Remember the saying, “What doesn’t kill you makes you stronger?”
Timothy Griffin, Ph.D., a researcher at OMRF, has applied that old adage to the study of osteoarthritis. His lab’s recent discovery has shown how healthy types of joint-loading, as occurs with walking or jogging, are beneficial to cartilage and help protect it from breaking down over time.
Osteoarthritis, or OA, is the most common form of disability in the U.S., affecting nearly 31 million Americans. It occurs when the cartilage that cushions bones in the joints breaks down and wears away, causing inflammation and pain as the bones rub against one another. OA is most commonly found in the knees, hips, fingers, lower back and neck.
For this study, Griffin specifically looked at articular cartilage–the smooth, white tissue that covers the ends of bones where they come together to form joints–to study how it reacted at a cellular level to various forms of joint-loading.
Griffin found that healthy forms of loading generates molecules generally considered toxic to cells, which has a beneficial effect of increasing protective responses in cartilage.
“We looked at many different types of loading, such as those associated with standing and walking up to jogging with a heavy backpack all day,” said Griffin. “We found that in all situations, the physical stress on the cartilage caused the tissues to become more oxidized.”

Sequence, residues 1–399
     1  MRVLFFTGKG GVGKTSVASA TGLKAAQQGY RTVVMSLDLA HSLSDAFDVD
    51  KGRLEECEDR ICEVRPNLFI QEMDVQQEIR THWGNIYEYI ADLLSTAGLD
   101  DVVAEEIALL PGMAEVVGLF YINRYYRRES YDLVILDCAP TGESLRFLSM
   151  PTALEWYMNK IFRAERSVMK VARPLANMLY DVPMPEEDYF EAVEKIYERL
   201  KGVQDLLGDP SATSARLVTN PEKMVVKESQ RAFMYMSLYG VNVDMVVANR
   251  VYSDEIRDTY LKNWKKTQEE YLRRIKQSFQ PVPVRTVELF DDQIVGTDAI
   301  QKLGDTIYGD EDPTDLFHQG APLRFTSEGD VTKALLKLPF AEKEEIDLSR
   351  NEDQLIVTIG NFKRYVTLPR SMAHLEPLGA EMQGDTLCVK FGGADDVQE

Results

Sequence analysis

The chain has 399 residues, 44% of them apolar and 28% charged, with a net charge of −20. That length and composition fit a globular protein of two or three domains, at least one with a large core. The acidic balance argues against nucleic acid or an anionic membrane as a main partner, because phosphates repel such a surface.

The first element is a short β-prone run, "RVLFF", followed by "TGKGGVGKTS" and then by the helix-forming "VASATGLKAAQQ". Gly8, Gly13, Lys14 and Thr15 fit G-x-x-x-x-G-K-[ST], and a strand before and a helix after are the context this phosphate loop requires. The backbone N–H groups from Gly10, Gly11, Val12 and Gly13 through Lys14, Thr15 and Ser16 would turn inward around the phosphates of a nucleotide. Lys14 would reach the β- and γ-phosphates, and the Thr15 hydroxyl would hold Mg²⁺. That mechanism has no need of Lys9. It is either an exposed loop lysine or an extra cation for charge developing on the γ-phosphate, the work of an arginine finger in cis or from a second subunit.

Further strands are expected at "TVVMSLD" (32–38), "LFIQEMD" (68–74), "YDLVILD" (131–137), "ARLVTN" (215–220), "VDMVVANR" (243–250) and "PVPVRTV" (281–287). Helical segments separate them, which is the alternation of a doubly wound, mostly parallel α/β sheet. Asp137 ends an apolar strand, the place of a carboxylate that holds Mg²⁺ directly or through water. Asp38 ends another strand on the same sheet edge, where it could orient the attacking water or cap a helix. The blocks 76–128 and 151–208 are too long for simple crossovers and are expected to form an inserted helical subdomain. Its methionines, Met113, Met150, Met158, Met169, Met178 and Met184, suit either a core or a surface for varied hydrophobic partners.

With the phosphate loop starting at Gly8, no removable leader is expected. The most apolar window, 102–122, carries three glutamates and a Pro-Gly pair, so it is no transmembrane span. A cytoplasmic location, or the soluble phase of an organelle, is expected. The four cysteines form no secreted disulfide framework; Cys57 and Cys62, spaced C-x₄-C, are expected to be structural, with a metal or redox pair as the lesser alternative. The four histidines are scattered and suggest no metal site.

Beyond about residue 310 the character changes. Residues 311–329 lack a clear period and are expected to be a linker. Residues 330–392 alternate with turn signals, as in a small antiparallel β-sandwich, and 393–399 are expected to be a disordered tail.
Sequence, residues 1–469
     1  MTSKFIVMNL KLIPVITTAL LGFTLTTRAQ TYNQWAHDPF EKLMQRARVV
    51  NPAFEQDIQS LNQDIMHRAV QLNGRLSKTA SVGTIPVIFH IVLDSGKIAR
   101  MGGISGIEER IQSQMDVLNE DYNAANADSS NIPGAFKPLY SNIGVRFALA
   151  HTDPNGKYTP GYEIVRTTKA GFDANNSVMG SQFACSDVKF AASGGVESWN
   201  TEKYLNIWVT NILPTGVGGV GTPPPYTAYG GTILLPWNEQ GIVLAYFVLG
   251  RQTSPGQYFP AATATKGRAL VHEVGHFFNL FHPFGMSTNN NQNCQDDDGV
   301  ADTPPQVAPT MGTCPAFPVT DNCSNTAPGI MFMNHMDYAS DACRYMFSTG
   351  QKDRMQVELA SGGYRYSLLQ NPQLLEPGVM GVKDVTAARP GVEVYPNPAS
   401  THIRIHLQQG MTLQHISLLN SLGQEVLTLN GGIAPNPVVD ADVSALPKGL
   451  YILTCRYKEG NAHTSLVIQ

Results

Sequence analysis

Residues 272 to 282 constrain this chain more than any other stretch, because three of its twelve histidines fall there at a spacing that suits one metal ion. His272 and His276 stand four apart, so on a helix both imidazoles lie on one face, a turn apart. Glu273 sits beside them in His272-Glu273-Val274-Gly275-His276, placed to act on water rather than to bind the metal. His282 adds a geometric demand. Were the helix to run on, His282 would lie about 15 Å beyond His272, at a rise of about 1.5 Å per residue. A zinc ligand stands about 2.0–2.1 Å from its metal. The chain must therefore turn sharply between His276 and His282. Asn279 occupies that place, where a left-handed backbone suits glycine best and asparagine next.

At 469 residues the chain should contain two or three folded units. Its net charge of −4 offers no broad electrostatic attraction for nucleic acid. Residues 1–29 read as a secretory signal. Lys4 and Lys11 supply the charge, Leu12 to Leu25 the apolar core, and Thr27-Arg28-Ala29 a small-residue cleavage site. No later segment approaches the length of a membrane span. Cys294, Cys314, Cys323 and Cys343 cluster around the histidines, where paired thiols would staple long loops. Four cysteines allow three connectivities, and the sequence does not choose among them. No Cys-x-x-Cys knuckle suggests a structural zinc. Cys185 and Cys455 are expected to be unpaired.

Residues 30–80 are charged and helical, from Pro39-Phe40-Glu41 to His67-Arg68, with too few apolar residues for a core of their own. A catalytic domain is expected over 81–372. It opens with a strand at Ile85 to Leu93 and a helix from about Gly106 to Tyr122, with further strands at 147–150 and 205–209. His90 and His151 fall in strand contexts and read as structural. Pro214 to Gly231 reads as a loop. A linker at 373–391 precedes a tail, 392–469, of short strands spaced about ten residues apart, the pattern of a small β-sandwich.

While oxidation is generally thought to be bad, some is actually beneficial, because it sparks the body’s natural antioxidant defenses.
They found that a key antioxidant molecule called glutathione increased in one of the loading conditions, the one similar to walking. This molecule, said Griffin, is present at fairly high levels in cells throughout the body.
“It’s one of the body’s primary antioxidant molecules that can help provide a first line of defense against oxidative stress,” he said. “Having more glutathione in cartilage means there’s a greater capacity to protect against damaging loads.”
The loading conditions similar to standing or jogging with a heavy load caused even greater cartilage oxidation without the benefit of the increase in glutathione. Griffin said, “Clearly there is a sweet spot for getting the right amount and type of loading that gives cartilage the most protection.”
Our cells contain many different kinds of molecules and enzymes that protect us against oxidative stress. One of the key findings, said Griffin, is that now they better understand how exercise helps to keep our joints healthy.
“This tells us that we need to think more about the pathways that regulate the production of glutathione to see how they could be harmed with obesity, aging, and other conditions that increase the risk of osteoarthritis,” he said, adding that this information could also be useful in the future for thinking about potential metabolic supplements or genetic engineering strategies that could help prevent joint damage.
The data was published in the Journal of Orthopaedic Research. OMRF scientist Mike Kinter, Ph.D., also contributed to the findings.
This research was funded by grants from the National Institutes of Health, Arthritis National Research Foundation, Arthritis Foundation and the Oklahoma Center for the Advancement of Science and Technology.